One of the forefathers of Australian Football in Queensland, he is widely regarded as theman most responsible for the re-emergence and consolidation of the game in south-east Queensland in the early 20
Born in Melbourne and educated at the O’Hare College, he worked in a saw mill and was transferred by a Melbourne timber firm to head their Queensland operations. He was among a group of Victorians pivotal in reviving the national code in Queensland in 1903 and was appointed Queensland Football League secretary in 1905, holding that position for five years.
A highly-respected umpire, he officiated in many premiership fixtures during his tenure as secretary and was known to have umpired at least two grand finals and one interstate clash. Awarded Life Membership of the League in 1911, he was described in the local paper of the time as “a good-natured gentleman and a most effective worker in the game’s best interests who never sought the limelight”.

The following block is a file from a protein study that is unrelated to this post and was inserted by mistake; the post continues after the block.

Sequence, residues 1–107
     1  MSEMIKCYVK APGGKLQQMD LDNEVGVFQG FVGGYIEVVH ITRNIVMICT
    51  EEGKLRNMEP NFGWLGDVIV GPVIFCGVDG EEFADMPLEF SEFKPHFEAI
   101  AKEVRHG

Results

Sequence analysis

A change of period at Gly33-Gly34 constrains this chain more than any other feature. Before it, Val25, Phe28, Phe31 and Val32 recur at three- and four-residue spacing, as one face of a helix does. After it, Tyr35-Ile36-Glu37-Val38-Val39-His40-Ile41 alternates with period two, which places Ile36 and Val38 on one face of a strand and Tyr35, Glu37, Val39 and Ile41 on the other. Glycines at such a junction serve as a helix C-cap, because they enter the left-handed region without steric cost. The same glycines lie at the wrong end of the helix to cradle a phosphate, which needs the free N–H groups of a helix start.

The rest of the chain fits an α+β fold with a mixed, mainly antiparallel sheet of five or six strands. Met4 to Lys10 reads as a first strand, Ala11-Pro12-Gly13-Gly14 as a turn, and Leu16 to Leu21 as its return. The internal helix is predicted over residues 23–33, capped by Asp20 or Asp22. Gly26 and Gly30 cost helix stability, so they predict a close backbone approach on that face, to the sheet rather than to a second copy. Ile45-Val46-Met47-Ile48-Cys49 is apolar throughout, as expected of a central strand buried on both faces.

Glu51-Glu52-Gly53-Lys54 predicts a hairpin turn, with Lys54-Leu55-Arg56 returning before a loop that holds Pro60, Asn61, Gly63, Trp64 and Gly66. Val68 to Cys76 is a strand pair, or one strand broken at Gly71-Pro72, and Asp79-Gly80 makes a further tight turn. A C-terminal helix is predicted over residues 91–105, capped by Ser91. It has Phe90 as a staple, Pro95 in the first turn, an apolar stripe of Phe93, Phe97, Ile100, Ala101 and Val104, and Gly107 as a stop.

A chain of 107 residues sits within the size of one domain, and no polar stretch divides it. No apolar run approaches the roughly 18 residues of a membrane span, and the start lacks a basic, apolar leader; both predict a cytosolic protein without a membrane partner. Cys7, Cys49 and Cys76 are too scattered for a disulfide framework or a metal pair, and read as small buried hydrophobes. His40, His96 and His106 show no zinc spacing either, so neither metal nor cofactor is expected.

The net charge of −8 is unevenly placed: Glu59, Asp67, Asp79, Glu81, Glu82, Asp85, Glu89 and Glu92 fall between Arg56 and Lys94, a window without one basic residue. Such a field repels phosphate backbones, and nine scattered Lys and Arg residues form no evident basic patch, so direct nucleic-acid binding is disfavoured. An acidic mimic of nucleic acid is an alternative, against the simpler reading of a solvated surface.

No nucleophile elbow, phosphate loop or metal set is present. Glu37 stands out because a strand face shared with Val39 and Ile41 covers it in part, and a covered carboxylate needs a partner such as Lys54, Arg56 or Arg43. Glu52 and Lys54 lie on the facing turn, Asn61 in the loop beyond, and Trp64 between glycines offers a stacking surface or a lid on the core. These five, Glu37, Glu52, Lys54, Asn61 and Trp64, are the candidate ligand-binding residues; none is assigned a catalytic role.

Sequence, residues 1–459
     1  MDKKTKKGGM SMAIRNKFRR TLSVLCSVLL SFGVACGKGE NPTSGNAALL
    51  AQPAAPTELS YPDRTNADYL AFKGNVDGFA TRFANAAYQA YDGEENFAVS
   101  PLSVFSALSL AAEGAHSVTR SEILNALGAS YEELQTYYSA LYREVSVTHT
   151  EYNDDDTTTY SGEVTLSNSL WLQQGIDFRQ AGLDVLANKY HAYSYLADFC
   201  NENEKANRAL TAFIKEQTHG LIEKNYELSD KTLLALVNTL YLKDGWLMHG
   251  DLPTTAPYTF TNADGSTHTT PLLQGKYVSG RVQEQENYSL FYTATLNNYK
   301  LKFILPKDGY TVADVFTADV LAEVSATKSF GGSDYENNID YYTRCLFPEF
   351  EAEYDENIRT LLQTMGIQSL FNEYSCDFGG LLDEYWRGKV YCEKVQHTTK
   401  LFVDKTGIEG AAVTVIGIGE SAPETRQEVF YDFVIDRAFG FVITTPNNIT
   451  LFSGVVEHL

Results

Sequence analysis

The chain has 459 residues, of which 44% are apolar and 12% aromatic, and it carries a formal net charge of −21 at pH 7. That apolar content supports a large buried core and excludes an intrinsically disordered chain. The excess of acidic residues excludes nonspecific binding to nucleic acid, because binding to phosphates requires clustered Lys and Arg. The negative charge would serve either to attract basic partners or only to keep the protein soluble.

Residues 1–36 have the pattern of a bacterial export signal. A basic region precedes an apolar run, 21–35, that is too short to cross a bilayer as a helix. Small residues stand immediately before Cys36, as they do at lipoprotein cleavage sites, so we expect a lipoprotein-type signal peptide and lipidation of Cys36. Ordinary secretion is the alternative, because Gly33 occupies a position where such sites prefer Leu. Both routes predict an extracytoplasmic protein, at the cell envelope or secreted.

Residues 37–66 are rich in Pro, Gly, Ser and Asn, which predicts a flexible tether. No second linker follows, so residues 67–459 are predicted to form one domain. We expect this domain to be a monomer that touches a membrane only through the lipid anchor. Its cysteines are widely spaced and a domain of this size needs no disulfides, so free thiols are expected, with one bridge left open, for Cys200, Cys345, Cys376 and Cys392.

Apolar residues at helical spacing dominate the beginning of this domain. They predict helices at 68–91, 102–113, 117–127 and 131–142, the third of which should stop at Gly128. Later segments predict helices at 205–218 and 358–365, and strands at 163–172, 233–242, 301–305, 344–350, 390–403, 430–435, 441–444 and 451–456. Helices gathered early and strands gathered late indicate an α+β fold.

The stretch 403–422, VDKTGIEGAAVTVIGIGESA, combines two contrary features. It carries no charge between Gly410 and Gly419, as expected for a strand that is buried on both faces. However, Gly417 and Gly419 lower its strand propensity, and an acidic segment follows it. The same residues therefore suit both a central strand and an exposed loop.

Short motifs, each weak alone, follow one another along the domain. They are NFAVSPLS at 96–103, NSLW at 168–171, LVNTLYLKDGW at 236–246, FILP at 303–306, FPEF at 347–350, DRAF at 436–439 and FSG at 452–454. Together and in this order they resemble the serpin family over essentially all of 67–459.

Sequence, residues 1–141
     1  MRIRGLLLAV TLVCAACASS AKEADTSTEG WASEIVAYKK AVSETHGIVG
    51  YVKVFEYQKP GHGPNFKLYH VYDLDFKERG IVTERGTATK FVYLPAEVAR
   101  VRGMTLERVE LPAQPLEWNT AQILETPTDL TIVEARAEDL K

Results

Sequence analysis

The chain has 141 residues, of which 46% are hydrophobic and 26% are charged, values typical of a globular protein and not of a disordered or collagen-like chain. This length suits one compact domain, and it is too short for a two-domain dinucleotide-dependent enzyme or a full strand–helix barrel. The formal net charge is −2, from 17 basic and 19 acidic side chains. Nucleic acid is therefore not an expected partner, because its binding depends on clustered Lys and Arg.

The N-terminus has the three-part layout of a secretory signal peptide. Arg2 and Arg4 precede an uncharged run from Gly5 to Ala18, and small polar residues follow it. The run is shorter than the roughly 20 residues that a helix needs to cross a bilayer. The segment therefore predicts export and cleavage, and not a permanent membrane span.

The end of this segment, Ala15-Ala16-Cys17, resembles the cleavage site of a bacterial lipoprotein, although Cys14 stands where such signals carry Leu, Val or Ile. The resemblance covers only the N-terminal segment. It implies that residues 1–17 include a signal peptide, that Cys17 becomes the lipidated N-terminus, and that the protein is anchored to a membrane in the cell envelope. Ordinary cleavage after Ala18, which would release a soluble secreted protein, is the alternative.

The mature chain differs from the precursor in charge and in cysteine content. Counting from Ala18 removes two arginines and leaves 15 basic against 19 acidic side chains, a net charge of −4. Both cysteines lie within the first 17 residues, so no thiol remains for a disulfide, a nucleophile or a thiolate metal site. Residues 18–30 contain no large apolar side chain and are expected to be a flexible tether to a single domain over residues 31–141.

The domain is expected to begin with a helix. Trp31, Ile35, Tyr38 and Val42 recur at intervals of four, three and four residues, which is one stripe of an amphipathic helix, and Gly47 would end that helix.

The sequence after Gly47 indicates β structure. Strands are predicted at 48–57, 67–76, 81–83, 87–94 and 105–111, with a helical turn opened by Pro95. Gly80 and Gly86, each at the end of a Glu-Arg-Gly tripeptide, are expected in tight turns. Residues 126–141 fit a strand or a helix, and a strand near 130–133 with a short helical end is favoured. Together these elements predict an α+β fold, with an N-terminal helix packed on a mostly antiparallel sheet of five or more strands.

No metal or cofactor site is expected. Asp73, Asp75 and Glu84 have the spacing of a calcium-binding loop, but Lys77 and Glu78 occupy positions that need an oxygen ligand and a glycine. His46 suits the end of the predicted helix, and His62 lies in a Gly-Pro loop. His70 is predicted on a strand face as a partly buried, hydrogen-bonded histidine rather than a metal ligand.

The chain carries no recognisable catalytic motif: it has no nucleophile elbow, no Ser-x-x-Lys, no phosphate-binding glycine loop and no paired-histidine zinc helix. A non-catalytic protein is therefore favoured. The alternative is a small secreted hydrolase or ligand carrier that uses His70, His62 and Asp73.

He was Queensland’s first representative on the Australian Football Council in 1906, manager of the 1908 Queensland interstate carnival team and also filled the role of League treasurer before World War I. He had a work-related stint living in Chinchilla from 1912 and while there are no actual records of support it is widely believed that it was during this time that football was first played in the Nanango/Chinchilla region.
Returning to Brisbane, he was appointed President of the League just after the war, holding the position at various times through the 1920’s and ‘30s and serving as League Patron in 1924. As the paper recorded in 1933: “Probably nobody has worked harder for the game in Queensland than the genial A.C. and probably no man is more out of pocket than he in the effort to keep the code going”.
He passed away in May 1940 just days after having again been made QANFL patron
. In a 35-year stint he held every senior position on the League and also served as an umpire.